Governor JB Pritzker gives millions to Democrats, including Alexi Giannoulias
Governor JB Pritzker has contributed $1 million to Democratic nominee for Secretary of State Alexi Giannoulias’ campaign, even though Pritzker backed Giannoulias’ opponent in the primary just four months ago.
Pritzker’s campaign contribution, reported Thursday amid a flurry of about $10 million in contributions from the billionaire governor in recent days to Democratic candidates and organizations in Illinois, marks the first time Pritzker has contributed to a campaign led by Giannoulias, the former state treasurer. who ran unsuccessfully for the U.S. Senate in 2010.
On Thursday, Pritzker also deposited an additional $20 million into his own campaign fund, adding to the $125 million he had previously contributed from his vast personal fortune to his re-election effort.
The governor’s largesse comes with early voting underway in parts of the state and as Republican candidates relentlessly hammer their Democratic rivals on crime and an overhaul of the state’s criminal justice system that includes the end of the cash deposit on January 1st.
Pritzker, who donated $55,000 to Chicago City Clerk Anna Valenica’s campaign in June for the party’s nomination for the party’s secretary of state, “has always said he would support the Democratic nominee, even if it wasn’t not Valencia,” spokeswoman Natalie Edelstein said. Giannoulias easily beat Valencia in the June 28 primary.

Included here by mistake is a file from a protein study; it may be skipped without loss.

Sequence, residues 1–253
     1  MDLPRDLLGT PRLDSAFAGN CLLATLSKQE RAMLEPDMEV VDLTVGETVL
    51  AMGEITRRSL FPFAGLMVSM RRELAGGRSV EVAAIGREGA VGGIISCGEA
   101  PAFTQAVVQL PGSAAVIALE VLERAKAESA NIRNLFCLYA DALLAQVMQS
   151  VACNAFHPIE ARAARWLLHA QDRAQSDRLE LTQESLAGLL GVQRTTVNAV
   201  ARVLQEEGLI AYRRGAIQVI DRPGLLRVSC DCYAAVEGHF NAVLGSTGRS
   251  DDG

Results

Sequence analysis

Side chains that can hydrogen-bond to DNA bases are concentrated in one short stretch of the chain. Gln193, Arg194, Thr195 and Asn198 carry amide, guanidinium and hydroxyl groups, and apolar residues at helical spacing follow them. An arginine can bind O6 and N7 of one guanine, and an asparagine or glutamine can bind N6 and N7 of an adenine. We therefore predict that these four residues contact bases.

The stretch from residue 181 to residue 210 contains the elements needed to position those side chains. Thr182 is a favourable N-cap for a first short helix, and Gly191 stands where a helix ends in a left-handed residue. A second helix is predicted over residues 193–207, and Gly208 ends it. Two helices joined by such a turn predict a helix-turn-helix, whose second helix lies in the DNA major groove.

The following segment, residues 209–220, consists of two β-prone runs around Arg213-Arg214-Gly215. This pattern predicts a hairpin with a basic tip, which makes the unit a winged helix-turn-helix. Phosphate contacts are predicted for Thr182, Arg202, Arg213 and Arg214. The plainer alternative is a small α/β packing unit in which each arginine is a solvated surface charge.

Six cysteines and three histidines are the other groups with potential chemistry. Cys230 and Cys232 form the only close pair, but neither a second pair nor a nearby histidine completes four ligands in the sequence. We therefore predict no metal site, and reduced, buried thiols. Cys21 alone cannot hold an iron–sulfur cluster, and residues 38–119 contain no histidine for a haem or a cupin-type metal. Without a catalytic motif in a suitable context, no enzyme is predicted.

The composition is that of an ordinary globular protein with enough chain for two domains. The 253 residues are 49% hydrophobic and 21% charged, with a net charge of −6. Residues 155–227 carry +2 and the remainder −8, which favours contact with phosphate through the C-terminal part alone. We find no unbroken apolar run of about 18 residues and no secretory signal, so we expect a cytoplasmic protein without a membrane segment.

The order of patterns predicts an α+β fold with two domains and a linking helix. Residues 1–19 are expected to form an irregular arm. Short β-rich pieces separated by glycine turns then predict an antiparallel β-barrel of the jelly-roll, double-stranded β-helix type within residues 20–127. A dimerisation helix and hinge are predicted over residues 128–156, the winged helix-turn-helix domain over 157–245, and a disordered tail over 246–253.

The governor “does not take the threat of Republican extremism lightly and is committed to supporting candidates who will fight for our shared Democratic values at all levels of government,” Edelstein said in a statement.
In addition to Pritzker’s million dollars, the Giannoulias campaign on Thursday brought in an additional $769,000 in contributions from unions, car dealerships and other supporters. This is in addition to more than $1.3 million in significant contributions this campaign had previously reported since July 1.
Giannoulias spent more than $5.2 million in the first half to win the primary and entered the general election campaign with more than $773,000 in cash in his campaign fund, according to campaign finance records from the state.
“We appreciate the broad support of Democrats across the state — from the governor at the top of the ticket to the legislative and county office,” campaign manager Hanah Jubeh said in a statement.
Giannoulias takes on longtime Republican state Rep. Dan Brady of Bloomington in the Nov. 8 election. Brady on Thursday touted endorsements from former GOP Gov. Jim Edgar and organizations including the Illinois Education Association, one of the state’s largest teachers’ unions, which backs Pritzker and Democratic candidates for other offices throughout the state.
Brady entered July with less than $6,000 in his campaign fund after spending more than $514,000 in the first half. Since the start of the general election campaign, Brady has reported raising nearly $165,000 in major contributions.
At an endorsement event Thursday in Springfield, Edgar said Brady’s ability to work down the aisle could serve him well, and that of all the GOP candidates for Constitutional offices, Brady may have the best chance of to win.
But Edgar acknowledged Brady’s financial disadvantage compared to Giannoulias, especially in light of Pritzker’s contribution.
“We don’t have people handing out that kind of money in the Republican Party,” Edgar said. “For the rich party, we certainly don’t show it sometimes. And the Democrats, who are supposed to be the workers, seem to have all the money.